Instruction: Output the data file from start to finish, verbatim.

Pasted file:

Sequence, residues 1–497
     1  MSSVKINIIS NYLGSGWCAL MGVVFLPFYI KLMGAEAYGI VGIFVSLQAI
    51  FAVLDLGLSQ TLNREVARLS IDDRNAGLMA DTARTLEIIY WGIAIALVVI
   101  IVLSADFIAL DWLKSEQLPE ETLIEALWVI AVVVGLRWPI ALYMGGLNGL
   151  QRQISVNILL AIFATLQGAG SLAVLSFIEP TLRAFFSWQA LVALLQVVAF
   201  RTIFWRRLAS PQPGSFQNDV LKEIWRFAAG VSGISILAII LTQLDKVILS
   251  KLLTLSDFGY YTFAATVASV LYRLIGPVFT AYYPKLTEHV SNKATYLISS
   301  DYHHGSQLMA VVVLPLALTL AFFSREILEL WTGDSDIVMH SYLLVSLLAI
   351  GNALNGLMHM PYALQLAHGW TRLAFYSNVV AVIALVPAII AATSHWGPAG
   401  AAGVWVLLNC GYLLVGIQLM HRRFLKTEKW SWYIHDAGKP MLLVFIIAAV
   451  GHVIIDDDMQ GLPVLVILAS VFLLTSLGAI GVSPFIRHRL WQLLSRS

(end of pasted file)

Sequence, residues 1–497
     1  MSSVKINIIS NYLGSGWCAL MGVVFLPFYI KLMGAEAYGI VGIFVSLQAI
    51  FAVLDLGLSQ TLNREVARLS IDDRNAGLMA DTARTLEIIY WGIAIALVVI
   101  IVLSADFIAL DWLKSEQLPE ETLIEALWVI AVVVGLRWPI ALYMGGLNGL
   151  QRQISVNILL AIFATLQGAG SLAVLSFIEP TLRAFFSWQA LVALLQVVAF
   201  RTIFWRRLAS PQPGSFQNDV LKEIWRFAAG VSGISILAII LTQLDKVILS
   251  KLLTLSDFGY YTFAATVASV LYRLIGPVFT AYYPKLTEHV SNKATYLISS
   301  DYHHGSQLMA VVVLPLALTL AFFSREILEL WTGDSDIVMH SYLLVSLLAI
   351  GNALNGLMHM PYALQLAHGW TRLAFYSNVV AVIALVPAII AATSHWGPAG
   401  AAGVWVLLNC GYLLVGIQLM HRRFLKTEKW SWYIHDAGKP MLLVFIIAAV
   451  GHVIIDDDMQ GLPVLVILAS VFLLTSLGAI GVSPFIRHRL WQLLSRS